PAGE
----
NASA, ESA, and the Hubble Heritage Team (STScI/AURA)
  • Sky Light: Biggest Solar Flare in Years

    The Hubble telescope has recorded a new view of the "Necklace" nebula, the remnants of a star that aged and expanded, consuming a companion star that orbited it. In this composite image, shot on July 2, 2011, hydrogen gas is blue, oxygen is green, and nitrogen is red.
    NASA, ESA, and the Hubble Heritage Team (STScI/AURA)
  • Celestial Sightings: What Was in the Sky?

    The sun gave off the largest solar flare in five years on Aug. 9, 2011, sending a mass of charged particles into space. It was not pointed toward Earth, which is protected anyhow by its atmosphere and strong magnetic field, but scientists say the sun is becoming more active after a long quiet period.
    NASA/Solar Dynamics Observatory
  • Sky Sightings: Eclipse, Aurora and More

    Lunar eclipse of June 15, 2011, visible from Africa and Asia was shown on Google's homepage.
  • Sky Phenomenons

    The upside-down rainbow, or circumzenithal arc, is a visual effect similar to normal rainbows, except that it only takes shape when the sun is lower than 22 degrees radius over the horizon.
  • Eclipses

    An annular solar eclipse was seen from Qingdao, China, Jan. 15, 2010. The eclipse looks this way because the moon, in its slightly elliptical orbit, is too far from Earth to cover the sun's face completely. It is predicted to be the longest of its kind for the next 1,000 years.
    ChinaFotoPress/Getty Images
  • Sky Phenomenons

    A sun pillar is created when millions of falling ice crystals reflect the sun's rays, creating a column of light. They often occur at sunset or sunrise.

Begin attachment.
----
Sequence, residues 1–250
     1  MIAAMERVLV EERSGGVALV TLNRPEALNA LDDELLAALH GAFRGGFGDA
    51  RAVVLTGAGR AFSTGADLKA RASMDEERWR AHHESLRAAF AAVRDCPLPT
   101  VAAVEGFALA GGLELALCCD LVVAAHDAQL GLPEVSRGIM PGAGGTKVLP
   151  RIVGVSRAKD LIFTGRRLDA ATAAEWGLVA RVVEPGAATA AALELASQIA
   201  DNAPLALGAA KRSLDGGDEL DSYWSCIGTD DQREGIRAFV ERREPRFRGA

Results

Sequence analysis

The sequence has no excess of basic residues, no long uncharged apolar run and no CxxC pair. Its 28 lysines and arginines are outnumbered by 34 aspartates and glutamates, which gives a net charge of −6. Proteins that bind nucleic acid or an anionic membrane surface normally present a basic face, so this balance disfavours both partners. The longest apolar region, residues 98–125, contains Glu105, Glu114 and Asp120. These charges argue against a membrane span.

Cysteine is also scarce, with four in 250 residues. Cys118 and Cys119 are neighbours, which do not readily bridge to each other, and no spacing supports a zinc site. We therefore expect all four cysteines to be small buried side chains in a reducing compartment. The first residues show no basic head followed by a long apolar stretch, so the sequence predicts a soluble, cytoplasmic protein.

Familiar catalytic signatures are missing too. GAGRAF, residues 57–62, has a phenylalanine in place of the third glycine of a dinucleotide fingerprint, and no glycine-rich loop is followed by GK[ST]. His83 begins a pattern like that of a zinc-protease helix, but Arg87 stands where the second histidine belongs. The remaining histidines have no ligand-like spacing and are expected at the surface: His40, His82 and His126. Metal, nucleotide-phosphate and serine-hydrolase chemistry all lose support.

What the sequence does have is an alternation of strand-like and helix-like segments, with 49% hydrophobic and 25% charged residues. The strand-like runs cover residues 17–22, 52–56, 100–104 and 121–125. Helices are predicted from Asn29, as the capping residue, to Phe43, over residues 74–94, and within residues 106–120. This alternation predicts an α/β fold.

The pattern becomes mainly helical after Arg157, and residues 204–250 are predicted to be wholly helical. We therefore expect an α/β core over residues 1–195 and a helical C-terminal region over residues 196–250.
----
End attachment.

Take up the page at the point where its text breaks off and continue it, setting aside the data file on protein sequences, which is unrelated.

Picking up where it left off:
• Sky Phenomenons

    Ice crystals associated with cirrus clouds, diamond dust and ice fog create the effect known as sun dogs. Sun dogs happen when the sun is low and the crystals refract or reflect the sun's rays.
    Norbert Rosing/National Geographic/Getty Images
  • Sky Phenomenons

    As with Aurora Borealis, Aurora Australis, the southern lights seen from southern Australia, are displayed during strong geomagnetic events. In 2001, the sun sent a powerful burst of energy toward Earth, triggering dazzling aurora displays over nighttime skies. Such blasts can distort Earth's magnetic field, producing in extreme latitudes, colorful nocturnal sky displays known as auroras, or northern and southern lights.
    NOAA/Newsmakers/Getty Images
  • Sky Phenomenons

    A double rainbow is seen over the city of Baghdad on November 2, 2004. The first rains of winter came after months of dry weather.
    Marwan Naamani/AFP/Getty Images
  • Sky Phenomenons

    When sunlight streams through a cloud, the result is an effect known as Crepuscular rays, or God's rays. They often occur during dawn and dusk hours.
    Getty Images
  • Sky Phenomenons

    Mount Katahdin, the tallest mountain in Maine, is seen in a three-hour time exposure in February 2002. The photographic effect created by such a long exposure is known as star trails.
    Robert F. Bukaty/AP Photo
  • Sky Phenomenon

    Halos are bright rings that circle the sun, the moon or other bright objects such as street lights. They are typically caused by light that is reflected by ice crystals.
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